They don’t call the U.S. Senate the world’s greatest deliberative body for nothing – deliberation being a synonym, in its case, for glacial decision-making and process worship.
This week offers a rare opportunity for junking an indefensible chock in the Senate’s wheels: the secret hold. It’s a parliamentary trick senators employ to anonymously block votes on bill and presidential nominees. Even other senators sometimes don’t know which of their colleagues has tied up the question or why.
Republicans and Democrats – most notably Ron Wyden, D-Ore., and Chuck Grassley, R-Iowa – have been trying for years to rid the Senate of this particularly spineless form of obstructionism.
The power to openly and temporarily hold action on a measure is a perfectly defensible privilege; senators may want to clarify what’s really in a bill that affects their home states, or study the qualifications of a nominee.
But Senate rules go beyond that; they allow an individual senator, with the permission of caucus leaders, to lock up an issue without stating any reason and without revealing his or her identity. In theory, the hold can stay in place only six days, but there’s no penalty for ignoring the deadline.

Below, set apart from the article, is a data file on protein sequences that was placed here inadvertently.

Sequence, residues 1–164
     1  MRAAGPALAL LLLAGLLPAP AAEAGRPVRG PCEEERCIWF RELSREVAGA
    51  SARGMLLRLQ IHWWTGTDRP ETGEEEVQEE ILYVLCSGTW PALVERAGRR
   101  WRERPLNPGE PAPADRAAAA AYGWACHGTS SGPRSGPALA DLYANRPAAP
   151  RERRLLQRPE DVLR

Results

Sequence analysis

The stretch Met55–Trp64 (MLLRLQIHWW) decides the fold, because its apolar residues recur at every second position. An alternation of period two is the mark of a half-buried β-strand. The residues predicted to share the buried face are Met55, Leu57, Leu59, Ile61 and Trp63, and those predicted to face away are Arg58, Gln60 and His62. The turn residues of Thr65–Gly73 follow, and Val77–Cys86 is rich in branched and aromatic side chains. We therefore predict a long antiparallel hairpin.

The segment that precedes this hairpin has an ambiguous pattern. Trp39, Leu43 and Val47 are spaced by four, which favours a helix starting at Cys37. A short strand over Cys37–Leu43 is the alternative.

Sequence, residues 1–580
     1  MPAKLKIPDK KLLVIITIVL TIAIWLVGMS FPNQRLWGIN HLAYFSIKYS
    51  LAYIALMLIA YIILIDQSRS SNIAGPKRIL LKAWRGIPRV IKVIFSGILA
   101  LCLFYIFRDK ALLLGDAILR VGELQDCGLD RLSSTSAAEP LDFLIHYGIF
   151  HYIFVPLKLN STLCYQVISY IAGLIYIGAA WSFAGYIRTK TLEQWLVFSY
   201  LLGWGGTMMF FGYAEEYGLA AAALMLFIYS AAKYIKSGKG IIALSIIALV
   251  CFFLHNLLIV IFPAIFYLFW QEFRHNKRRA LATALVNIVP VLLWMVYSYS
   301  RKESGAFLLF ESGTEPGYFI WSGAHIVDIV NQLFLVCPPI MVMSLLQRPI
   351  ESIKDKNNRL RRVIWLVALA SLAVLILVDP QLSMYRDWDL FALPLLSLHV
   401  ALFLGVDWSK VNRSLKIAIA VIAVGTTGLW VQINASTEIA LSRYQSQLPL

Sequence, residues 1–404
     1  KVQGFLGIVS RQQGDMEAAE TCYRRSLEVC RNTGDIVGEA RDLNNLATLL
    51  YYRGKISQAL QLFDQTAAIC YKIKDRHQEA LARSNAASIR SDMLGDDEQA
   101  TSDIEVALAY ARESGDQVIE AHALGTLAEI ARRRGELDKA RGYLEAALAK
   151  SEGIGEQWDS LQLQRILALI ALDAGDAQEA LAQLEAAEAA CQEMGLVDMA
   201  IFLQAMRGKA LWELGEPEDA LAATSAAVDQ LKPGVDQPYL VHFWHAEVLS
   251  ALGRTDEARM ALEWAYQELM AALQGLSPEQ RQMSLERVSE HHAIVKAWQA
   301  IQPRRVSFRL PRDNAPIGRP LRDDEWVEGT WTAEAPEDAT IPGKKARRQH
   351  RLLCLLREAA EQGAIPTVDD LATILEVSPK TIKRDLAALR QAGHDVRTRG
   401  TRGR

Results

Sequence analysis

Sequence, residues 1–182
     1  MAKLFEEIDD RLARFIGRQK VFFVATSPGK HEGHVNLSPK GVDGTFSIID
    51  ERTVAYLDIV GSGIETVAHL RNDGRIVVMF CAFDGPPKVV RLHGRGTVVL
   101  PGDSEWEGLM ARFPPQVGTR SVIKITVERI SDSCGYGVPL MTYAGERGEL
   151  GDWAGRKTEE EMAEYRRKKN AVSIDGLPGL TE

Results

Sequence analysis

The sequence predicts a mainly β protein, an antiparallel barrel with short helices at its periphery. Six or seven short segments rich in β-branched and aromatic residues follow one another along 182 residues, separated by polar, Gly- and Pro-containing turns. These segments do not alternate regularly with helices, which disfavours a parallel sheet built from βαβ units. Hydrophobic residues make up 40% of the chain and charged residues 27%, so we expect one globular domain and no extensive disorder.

In any case, the senator’s allies can tag-team the hold, passing it off to each other and keeping it going for months.
More galling yet, the senator in question may have no problem at all with the decision being kept in limbo – he or she may be holding it hostage to squeeze some unrelated concession out of Congress or the president.
Over the years, hundreds of good nominations and bills have been hung up – and sometimes killed – by secret holds. The procedure is part of the reason roughly 90 seats in the federal courts haven’t been filled.
The practice may finally be abolished this week. Its elimination has become a chip in the bargaining over an attempt by some Democrats to get rid of the Senate filibuster, which can allow a minority of 41 to stall legislation to death.
Those Democrats insist that their party can kill the filibuster by simple majority as the Senate approves its rules this week.
For better or worse, though, the filibuster rule isn’t going away anytime soon. The political reality is that other Democrats want to hang on to the filibuster in case they wind up in the minority two years from now.
Republicans and Democrats tend to love or hate the filibuster in a very bipartisan way, depending on which of them currently contols the Senate.
The secret hold, though, amounts to a “filibuster of one” and is detested by plenty of senators on both sides of the aisle. It deserves an immediate and ignominious death.